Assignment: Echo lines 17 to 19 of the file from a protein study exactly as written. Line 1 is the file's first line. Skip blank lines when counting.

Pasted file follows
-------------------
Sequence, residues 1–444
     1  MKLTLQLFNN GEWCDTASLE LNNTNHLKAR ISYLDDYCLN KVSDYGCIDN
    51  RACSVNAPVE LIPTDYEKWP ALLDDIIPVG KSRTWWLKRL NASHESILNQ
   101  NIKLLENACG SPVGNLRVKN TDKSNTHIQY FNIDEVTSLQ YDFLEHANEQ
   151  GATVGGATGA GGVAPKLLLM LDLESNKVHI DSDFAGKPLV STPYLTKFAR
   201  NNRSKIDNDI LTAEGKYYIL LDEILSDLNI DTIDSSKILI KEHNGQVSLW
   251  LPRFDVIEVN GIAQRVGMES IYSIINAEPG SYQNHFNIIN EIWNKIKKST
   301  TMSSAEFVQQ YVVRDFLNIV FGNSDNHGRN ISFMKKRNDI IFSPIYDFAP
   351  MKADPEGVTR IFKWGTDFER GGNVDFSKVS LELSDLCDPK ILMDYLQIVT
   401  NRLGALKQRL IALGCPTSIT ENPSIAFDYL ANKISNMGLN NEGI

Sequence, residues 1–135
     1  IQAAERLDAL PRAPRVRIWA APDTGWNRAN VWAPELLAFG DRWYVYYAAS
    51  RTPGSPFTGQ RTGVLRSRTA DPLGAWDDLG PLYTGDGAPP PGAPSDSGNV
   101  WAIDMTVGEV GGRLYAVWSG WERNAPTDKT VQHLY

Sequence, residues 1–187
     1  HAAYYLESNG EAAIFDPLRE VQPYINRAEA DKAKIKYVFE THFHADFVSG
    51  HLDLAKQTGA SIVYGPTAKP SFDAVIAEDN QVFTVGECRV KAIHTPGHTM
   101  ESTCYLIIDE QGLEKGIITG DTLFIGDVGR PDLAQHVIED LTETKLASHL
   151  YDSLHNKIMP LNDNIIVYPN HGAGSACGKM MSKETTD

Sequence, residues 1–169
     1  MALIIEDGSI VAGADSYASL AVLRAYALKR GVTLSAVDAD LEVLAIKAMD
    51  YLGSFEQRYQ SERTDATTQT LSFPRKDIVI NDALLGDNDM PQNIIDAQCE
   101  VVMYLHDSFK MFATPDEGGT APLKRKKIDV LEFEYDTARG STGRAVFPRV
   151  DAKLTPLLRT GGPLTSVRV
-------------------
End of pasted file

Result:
    51  HLDLAKQTGA SIVYGPTAKP SFDAVIAEDN QVFTVGECRV KAIHTPGHTM
   101  ESTCYLIIDE QGLEKGIITG DTLFIGDVGR PDLAQHVIED LTETKLASHL
   151  YDSLHNKIMP LNDNIIVYPN HGAGSACGKM MSKETTD